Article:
Ball Aerospace has been actively developing its TotalSight Flash LiDAR system for the last six years. Flash LiDAR works much like a traditional digital camera, with the sensor taking a range and intensity snapshot with each laser pulse. The LiDAR sensor is coupled with an imaging sensor to provide a real-time color 3D visualization that’s useful in military or disaster-response environments for the quick assessment and communication of changed conditions on the ground.
The current system has a three-degree field of view and an internal pan mirror, which lets users pan the three-degree field of view up to 20 degrees in crosstrack providing a wide field of regard. The laser and camera run up to 30 frames per second, with all processing done onboard before the next data frame is taken. Processing includes fusing data from a context camera (whether visible, short-wavelength infrared (SWIR) or medium-wavelength infrared (MWIR) to the range data from the LiDAR camera to create a full-color 3D point cloud.
“A human sees in color, so if you give anybody a color 3D model, they really don’t need any training,” says Roy Nelson, senior business area manager, Laser Applications, Ball Aerospace. “Giving them 3D color, full-motion video is like viewing a video game.”
A key advantage of the TotalSight Flash system is that the LiDAR uses an array sensor with an X/Y grid of pixels that matches how any context camera operates—all the returns are aligned in a perfect grid that never changes or needs recalibration. This natural alignment is a large part of the reason why the data can be processed in real time.
“With a traditional LiDAR scanning system, you have to have all the metadata, all the GPS data, all the mirror positions, for every point,” adds Nelson. “With a Flash system, you illuminate an area on the ground, so you only need the metadata for that one laser shot that applies to all the points on the array. The data volume is much less.”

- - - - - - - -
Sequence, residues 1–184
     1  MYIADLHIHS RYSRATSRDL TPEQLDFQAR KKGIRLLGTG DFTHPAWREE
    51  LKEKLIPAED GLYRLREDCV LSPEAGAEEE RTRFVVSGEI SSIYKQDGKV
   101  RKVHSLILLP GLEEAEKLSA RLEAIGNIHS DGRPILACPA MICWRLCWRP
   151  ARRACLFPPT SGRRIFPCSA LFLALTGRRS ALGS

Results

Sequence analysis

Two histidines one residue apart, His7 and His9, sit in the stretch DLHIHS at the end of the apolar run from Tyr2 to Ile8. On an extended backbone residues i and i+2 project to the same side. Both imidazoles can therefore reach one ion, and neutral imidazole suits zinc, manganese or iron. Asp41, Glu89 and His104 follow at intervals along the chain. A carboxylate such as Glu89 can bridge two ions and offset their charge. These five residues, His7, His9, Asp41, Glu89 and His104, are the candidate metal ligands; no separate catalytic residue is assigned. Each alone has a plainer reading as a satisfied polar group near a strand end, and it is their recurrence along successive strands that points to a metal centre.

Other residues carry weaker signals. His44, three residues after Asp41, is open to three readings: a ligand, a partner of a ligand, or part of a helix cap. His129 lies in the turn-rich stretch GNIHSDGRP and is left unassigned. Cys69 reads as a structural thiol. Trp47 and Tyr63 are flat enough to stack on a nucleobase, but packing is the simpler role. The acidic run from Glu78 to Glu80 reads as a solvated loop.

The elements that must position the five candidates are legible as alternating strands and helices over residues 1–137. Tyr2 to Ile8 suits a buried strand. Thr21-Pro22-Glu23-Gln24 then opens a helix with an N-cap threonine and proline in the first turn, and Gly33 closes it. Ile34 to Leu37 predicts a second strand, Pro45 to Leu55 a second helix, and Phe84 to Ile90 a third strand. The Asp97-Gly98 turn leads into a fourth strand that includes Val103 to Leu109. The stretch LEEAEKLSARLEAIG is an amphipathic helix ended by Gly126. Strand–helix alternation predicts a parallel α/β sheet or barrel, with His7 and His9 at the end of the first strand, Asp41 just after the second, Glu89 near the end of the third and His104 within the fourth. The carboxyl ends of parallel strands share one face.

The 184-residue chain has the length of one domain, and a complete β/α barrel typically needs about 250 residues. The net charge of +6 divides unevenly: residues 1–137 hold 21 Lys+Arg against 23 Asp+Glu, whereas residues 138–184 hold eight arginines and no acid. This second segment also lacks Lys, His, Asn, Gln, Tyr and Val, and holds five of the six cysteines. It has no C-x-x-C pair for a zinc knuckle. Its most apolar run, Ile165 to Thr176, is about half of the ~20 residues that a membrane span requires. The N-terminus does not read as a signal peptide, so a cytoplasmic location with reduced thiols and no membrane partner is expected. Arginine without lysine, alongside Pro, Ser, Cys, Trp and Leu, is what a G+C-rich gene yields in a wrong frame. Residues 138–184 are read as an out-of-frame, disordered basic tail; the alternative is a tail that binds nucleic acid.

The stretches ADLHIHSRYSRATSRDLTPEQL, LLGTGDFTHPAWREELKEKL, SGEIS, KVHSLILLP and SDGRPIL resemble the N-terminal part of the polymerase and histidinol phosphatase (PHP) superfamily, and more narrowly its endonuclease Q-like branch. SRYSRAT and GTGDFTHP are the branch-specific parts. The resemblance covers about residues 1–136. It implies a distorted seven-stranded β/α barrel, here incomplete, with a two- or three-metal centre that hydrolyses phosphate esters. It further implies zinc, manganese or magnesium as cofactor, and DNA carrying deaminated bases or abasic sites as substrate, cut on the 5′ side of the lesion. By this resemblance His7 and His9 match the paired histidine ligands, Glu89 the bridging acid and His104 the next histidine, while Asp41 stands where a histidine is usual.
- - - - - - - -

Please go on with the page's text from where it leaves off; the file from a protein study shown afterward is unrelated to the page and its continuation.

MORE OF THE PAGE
During a disaster, the topography often changes, so having “before” imagery alongside real-time data helps determine the difference between what was and what is.
“Some events require rapid response with the need to get to these areas faster, get information faster, so the end user can know how to respond,” adds Nelson. “The timeliness of data is becoming more important.”
The TotalSight system shortens response timelines by quickly communicating conditions, allowing managers to allocate resources quickly to the areas hardest hit.
“One of the ‘Holy Grails’ that emergency-management people have asked us about for years is the ability to measure,” says Thomas D. Burns Sr., chairman and CEO, SP Global Inc., a company that has worked alongside Ball Aerospace on demonstration flights for the National Guard. “They can see that trees are down or buildings damaged, but they immediately have to start contracting to get rid of the debris, and they have to calculate how to do that. Flash LiDAR gives you the ability to quantify right away the difference in the height values and be able to assess the size of debris piles. Knowing how much needs to be taken away allows us to plan.”
[One-column Sidebar – right side of spread]
The LiDAR camera comes from Advanced Scientific Concepts. The current generation is a 128 x 128 array that runs at 30 frames per second. That’s set to increase to 60 frames per second and 320 x 320 with a next-generation sensor set to hit the market in late 2015. This will result in approximately a 12-times increase in the number of pixels per second. The higher pixel count can be used to increase the field of view or resolution on the ground.
The context camera can be several different configurations, ranging from a commercial off-the-shelf color visible camera to SWIR/MWIR/LWIR. There are ports for up to two context cameras, giving users a choice of what they would like to fuse with the 3D data. In the infrared range, the sensor starts to pick up thermal signatures, so the system can be useful at night.
Receiving color point clouds in real time goes a long way to speed classification. It’s easy to identify and quickly classify the ground or trees, as they’re easily identifiable, making the extraction of information faster and more reliable as well as visually verifiable.
Data rates are compatible with existing RF downlinks.
The system includes a GPS inertial measurement unit that provides location and the airplane’s attitude, so data is fully georegistered in near real time. Accuracy depends on the inertial navigation system unit on the plane and the number of GPS satellites acquired, which is somewhat variable, but the range is between 10-50 cm.
The TotalSight system has flown on fixed-wing and rotary aircraft and was recently miniaturized to be flown on Insitu’s ScanEagle unmanned aircraft system (UAS).